【interview】DIR EN GREY
Members of DIR EN GREY have been on the road ever since the release of their ninth studio-album, Arche (December 2014). They toured Europe on May and will hit North America with their tour “NEVER FREE FROM THE AWAKENING” in a couple of days. Last month, DIR EN GREY played two consecutive days at Tokyo’s Studio Coast where we met guitarist Kaoru.
Arche has been released almost a year ago. Does the album still represent the band as it is today or do you feel that you have already moved forward and slowly getting into new a creative stage ?
Kaoru : Every album embodies musically and visually the band as it is at the moment of their respective releases. Our latest work, ‘Arche’, was released on December of last year (2014). It will soon celebrate its first anniversary. Hum… A year represents a short and long time period at the same time. It’s short enough for us to still feel in line with it, with its universe, yet it’s also long enough for us to feel getting into a new creative phase. We’re constantly evolving, nothing is ever carved into stone. DIR EN GREY is a band in a non-stop motion. We have new ideas, musically and visually — already (smiles).
I see. Let’s continue with motion. After playing the album repeatedly, songs have changed a bit. Do these changes come naturally, depending of the mood of the night or do you work them meticulously beforehand ? Do you tend to feel disatisfied with the outcome of your recorded work afterwards ?
Kaoru : Indeed, we are used to modifying few chosen songs for the stage-performances. We never change them all, they are always well-selected. The changes are never massive nor ever made on the whole time length of a song. In general, ideas come when playing the tracks. It’s the experience — the habit of playing them on stage — that nurtures new ideas. By dint of performing the album, I mean the way it was written and recorded, we get to realize that some tracks would be better enhanced on stage with slight changes. Ideas arise naturally, we never force each other to rework the arrangements, we never change our music for the sake of it. These changes remain however elaborated, discussed and decided in advance. It’s definitely not a question of disatisfaction with our recorded work, we simply feel that certain songs need slight alterations to enjoy a greater stage quality. These modifications are only made to improve the performance, only the live-performance.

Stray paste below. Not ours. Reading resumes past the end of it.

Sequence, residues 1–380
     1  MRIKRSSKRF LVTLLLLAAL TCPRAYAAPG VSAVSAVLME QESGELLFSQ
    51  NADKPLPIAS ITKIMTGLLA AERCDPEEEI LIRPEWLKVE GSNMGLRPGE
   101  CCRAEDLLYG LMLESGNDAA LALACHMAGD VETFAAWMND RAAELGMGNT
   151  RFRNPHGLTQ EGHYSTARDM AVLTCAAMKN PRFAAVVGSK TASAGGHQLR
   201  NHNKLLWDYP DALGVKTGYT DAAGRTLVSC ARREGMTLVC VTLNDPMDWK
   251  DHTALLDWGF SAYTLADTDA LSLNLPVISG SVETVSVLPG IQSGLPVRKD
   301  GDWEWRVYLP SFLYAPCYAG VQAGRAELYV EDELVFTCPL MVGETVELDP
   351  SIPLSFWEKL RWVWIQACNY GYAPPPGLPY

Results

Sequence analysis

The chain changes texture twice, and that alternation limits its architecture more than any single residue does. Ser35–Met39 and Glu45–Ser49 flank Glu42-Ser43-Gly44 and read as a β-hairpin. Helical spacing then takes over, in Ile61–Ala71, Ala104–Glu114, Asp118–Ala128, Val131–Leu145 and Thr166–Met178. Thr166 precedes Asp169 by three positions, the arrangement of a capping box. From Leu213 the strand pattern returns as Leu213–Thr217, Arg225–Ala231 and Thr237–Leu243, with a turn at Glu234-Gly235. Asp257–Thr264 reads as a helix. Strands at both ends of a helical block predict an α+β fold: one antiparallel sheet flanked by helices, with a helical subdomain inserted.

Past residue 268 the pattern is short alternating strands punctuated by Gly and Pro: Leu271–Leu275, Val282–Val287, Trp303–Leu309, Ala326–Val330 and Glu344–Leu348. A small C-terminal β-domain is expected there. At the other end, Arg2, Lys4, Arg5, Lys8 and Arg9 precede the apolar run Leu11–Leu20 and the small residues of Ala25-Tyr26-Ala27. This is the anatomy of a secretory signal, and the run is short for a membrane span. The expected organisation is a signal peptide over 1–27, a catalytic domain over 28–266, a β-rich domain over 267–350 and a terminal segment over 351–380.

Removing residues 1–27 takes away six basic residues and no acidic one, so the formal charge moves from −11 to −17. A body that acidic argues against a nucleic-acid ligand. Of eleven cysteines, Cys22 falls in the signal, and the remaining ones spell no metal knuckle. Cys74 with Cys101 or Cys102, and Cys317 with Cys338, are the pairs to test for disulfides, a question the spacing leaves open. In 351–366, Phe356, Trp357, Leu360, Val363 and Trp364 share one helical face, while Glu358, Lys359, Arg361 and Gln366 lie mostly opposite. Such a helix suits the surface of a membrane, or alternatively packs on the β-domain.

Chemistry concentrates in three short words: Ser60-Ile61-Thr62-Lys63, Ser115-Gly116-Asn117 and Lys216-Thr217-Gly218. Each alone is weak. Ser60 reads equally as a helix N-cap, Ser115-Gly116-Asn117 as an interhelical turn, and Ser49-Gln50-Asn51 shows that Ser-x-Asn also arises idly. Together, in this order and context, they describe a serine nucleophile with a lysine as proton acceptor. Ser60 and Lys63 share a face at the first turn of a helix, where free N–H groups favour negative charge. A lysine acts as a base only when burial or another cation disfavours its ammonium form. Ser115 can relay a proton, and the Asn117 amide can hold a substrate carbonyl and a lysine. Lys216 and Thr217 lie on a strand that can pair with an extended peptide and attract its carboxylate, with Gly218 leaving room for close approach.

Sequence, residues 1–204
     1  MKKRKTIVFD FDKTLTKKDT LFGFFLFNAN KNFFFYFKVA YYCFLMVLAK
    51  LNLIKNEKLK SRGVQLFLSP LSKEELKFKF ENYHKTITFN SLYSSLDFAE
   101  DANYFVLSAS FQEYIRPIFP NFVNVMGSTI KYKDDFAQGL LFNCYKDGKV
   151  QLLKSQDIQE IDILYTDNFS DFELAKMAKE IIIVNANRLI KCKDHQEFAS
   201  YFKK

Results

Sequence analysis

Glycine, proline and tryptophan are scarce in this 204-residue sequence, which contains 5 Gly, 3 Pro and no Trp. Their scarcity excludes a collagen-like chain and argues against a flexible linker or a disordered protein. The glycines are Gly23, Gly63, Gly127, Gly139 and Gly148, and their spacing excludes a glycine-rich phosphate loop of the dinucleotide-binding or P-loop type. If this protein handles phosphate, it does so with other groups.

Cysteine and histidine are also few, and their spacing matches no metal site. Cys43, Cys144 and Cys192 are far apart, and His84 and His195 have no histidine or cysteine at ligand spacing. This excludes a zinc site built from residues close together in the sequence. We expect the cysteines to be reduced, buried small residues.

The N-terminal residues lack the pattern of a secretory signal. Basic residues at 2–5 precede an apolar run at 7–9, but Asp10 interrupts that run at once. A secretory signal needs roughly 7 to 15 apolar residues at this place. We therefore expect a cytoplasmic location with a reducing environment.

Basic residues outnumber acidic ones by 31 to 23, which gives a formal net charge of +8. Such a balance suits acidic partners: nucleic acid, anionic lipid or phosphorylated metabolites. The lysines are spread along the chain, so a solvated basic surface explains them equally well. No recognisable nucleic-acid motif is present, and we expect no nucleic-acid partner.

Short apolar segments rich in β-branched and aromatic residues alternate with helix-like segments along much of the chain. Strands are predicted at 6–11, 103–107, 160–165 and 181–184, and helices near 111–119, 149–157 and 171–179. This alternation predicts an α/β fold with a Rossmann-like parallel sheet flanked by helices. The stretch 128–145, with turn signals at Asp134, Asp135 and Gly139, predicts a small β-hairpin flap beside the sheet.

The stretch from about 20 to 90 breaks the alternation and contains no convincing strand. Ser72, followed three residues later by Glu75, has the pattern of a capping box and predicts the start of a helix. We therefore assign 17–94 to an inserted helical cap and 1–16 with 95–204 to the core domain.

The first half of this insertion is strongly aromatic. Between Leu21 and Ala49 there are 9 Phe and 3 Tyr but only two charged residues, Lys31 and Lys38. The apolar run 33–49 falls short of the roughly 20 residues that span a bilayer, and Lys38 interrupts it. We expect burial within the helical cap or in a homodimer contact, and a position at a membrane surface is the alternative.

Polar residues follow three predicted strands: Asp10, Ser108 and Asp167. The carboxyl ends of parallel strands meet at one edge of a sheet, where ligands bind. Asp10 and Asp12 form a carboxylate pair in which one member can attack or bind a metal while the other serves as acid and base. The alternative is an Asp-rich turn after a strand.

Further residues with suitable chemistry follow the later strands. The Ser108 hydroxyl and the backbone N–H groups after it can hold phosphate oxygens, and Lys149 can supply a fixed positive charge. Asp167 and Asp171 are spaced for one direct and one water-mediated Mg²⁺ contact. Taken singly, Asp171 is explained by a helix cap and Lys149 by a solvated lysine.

How do you rework these songs, with Die more specifically ?
Kaoru : In studio, we are clear on who does what… Well, I mean that generally everyone develops his own ideas for his playing parts. During live-rehearsals, however, it often happens to us to advice and suggest ideas to one another. I can easily say to Die : “Well, it might be better if you play this part like this or if we both play this other part like that”. We talk to each other, we play together, we suggest ideas to one another, we try them out and see. We never feel like making compromises, we are creatively in sync.
In studio, how does your way of creating music differ exactly ?
Kaoru : In studio, roles are more defined although there’s no rule. DIR EN GREY is a band truly open and entirely free. With Die, we work together and seperatly. We do both. As for the music creation process goes, there’s no standard formula. We either compose music on our own then put the outcomes together, assemble the pieces together in sequence to complete the track, or compose the music side by side and figure out together what sounds best. This is exactly how ‘Arche’ was created. We wrote some melodies together, in complete collaboration, we wrote others seperatly, we then put them together. And it works very well that way because each of us, one in turn, can have blank moments of inspiration and moments of creative frustration. But someone’s idea triggers another to someone else. Someone’s idea can become a source of inspiration to someone else. We are complementary, each of us freely gives advices to the others, it’s a genuine exchange experience. I can suggest ideas to Kyo as easily as to Toshiya. There’s no quarrel… Almost none (laughs).